UK regulator pulps Apple’s misleading iPhone ad

27/11/2008 10:25:00 – by Martyn Warwick

Not for the first time, Apple has fallen foul of the UK’s independent advertising watchdog after subscribers complained that ads trumpeting the iPhone’s “really fast” mobile web access speeds were misleading.

The Advertising Standards Authority (ASA) upheld complaints that a TV spot for the iPhone was in breach of the regulator’s requirement that advertising must be “legal, decent, honest and truthful”.

The advert in question featured a close-up of a smiling iPhone user getting almost instantaneous access to a webpage and Google Maps and downloading a file in what seemed to be a fraction of a second.

The accompanying voiceover said, “So what’s so great about 3G? It’s what helps you get the news, really fast. Find your way, really fast. And download pretty much anything, really fast. The new iPhone 3G. The Internet, you guessed it, really fast.”

That was the main message but the more eagle-eyed viewers also caught a glimpse of a tiny text addendum, tacked all too briefly on to the bottom of the TV screen, that read, “Network performance will vary by location.”

In a response redolent with non-apologetic self-justification Apple UK said that the claims in the ad were “relative rather than absolute in nature”. Ah. That’s alright then.

The company added that the purpose of the advert was to compare the new 3G iPhone with the 2G model and thus the claim that Internet access and content download is “really fast” was not really a misrepresentation.

Apple UK contends that the “average viewer” watching the ad would have been a mobile phone user (hard to prove that particular contention I, surely?) and would therefore have been aware that the ad was a simplification of reality and served merely to illustrate the capabilities and possibilities of the iPhone.

The company adds that a user would also know that a iPhone’s performance would vary in accordance with different circumstances and that the text accompanying the ad was ample indication that users would get different levels of performance from an iPhone depending on where they might happen to be.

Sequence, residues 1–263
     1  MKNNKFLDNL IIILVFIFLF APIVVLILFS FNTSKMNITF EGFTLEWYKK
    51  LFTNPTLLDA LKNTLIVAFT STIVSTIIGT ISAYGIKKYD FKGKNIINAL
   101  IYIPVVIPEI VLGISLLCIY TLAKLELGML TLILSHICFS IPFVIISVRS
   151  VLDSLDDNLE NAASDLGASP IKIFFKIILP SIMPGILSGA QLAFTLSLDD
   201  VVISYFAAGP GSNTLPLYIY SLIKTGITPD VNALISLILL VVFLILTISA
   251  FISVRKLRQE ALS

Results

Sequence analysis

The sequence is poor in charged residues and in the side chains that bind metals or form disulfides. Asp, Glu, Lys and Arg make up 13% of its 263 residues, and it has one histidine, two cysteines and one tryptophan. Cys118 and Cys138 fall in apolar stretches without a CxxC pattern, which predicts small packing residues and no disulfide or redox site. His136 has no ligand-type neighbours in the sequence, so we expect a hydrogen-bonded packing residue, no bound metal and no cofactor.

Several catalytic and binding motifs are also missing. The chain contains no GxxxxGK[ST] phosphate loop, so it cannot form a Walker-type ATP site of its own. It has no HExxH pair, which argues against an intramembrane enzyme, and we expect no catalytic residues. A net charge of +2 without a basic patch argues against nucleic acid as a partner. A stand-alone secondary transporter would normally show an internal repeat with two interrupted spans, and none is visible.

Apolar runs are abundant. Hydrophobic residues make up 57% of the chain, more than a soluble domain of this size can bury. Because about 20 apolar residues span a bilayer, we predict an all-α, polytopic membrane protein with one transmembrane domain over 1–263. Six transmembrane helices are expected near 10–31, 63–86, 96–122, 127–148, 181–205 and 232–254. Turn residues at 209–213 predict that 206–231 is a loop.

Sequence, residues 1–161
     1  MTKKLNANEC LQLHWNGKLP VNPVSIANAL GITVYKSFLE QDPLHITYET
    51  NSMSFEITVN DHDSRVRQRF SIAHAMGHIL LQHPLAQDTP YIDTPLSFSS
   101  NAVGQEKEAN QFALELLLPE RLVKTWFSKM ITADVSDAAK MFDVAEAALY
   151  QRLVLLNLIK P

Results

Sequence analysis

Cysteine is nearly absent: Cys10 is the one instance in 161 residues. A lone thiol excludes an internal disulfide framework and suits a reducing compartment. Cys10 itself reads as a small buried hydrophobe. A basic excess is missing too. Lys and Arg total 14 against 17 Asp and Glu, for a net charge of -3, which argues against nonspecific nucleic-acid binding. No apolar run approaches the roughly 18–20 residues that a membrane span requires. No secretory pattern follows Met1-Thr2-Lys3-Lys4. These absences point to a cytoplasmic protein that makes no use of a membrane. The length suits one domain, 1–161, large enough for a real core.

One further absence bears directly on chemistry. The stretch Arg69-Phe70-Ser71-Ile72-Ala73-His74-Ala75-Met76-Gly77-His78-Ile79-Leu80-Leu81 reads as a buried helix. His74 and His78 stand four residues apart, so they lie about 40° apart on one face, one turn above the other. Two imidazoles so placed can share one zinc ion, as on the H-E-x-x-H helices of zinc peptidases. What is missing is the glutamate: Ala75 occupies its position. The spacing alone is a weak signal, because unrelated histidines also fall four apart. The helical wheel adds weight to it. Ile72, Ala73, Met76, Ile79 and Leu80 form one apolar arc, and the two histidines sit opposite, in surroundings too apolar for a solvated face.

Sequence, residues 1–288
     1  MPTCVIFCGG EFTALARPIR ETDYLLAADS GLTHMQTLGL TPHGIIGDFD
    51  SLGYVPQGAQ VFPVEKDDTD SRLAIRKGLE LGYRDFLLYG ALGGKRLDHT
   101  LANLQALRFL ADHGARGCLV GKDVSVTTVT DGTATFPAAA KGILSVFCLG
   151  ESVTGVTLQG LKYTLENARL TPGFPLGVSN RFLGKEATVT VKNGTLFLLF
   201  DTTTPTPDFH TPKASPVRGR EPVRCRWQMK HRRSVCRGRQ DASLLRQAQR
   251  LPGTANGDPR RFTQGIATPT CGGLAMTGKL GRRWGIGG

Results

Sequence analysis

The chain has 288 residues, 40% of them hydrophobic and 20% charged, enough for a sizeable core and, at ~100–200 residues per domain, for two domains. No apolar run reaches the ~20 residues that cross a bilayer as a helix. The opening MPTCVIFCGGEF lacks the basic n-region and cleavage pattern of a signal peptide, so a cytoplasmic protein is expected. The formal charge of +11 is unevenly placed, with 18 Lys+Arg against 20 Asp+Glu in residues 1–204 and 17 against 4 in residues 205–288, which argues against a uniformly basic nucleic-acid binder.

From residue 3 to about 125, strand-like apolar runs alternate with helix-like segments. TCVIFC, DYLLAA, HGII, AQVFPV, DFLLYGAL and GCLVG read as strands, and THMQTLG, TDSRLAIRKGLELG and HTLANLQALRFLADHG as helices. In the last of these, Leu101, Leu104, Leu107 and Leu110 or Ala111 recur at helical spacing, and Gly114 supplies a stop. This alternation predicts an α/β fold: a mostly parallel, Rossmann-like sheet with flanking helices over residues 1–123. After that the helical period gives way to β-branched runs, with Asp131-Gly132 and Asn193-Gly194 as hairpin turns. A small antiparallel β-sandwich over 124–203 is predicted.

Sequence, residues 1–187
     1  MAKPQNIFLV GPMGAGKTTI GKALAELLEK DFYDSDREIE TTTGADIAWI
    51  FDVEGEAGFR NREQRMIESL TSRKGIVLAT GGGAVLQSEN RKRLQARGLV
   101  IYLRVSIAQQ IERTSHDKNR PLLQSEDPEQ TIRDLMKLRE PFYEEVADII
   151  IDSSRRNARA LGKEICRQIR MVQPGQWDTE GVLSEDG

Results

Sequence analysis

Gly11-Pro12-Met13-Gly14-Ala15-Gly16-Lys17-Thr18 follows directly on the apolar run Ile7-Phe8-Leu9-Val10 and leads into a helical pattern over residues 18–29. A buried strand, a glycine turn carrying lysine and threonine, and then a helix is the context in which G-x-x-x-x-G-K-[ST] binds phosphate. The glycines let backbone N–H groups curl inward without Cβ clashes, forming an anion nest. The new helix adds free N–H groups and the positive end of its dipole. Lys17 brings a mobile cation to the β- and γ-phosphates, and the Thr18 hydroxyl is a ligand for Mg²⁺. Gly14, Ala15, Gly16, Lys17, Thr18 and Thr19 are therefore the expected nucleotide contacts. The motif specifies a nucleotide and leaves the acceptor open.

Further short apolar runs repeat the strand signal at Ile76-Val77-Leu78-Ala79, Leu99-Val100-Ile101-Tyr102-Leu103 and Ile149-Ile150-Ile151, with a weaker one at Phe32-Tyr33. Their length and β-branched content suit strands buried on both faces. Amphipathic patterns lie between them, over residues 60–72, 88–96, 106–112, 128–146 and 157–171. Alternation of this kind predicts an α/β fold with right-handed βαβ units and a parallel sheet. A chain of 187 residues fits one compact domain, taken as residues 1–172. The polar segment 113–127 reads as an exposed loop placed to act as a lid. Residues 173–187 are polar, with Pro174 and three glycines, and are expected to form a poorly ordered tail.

The Advertising Standards Agency dismisses the sophistry of Apple’s argument and points out that the ad makes no mention that its only purpose is to highlight the difference between a 2G and  3G-enabled iPhone.

The regulator also takes issue with Apple’s contention that those viewing the ad would be sufficiently tech-savvy to be aware of the differences between one iteration of an iPhone and another.

In its judgement the ASA concludes that the advert “was likely to lead viewers to believe that the device would operate at at near the speeds shown in the advertisement” and told Apple that the advert must not be run again.

Apple has been here before. Back in August it breached the UK advertising code with its ads for the first generation iPhone. That time, in a TV spot, the company claimed that the device could access “all parts of the Internet”.

However, the ASA pointed out thatas the iPhone did not support either Flash or Java, the claim was without merit, was misleading and banned the ad from being shown again.

Chris Larmour, the Chief Marketing Officer of London-headquartered Actix comments, “iPhone web browsing is only as fast as the network it’s connected to, which means it is the ability of the radio network itself to provide good service that makes the difference. Network providers all have different levels of quality and capacity, which affects how the network performs when downloading Internet pages massively.

Apple’s brand can be negatively impacted by reliance on those radio networks, meaning the user experience Apple is famed is no longer under their control. And this problem can only get worse as iPhone user numbers and data loads increase, meaning the average performance will degrade for all users – there just isn’t enough capacity to go around.

We have already seen networks falling over with the iPhone and it seems data usage has delayed the introduction of the new Blackberry in some cases too. Without investment in fixing current issues or new networks like 4G it will lead to “roadblocks on the mobile data highways”.

In the short term operators may react to this by hitting the consumer with more stringent terms, and possibly higher fees for mobile data, something we’re already seeing happening with the introduction of ”fair use” policies.”

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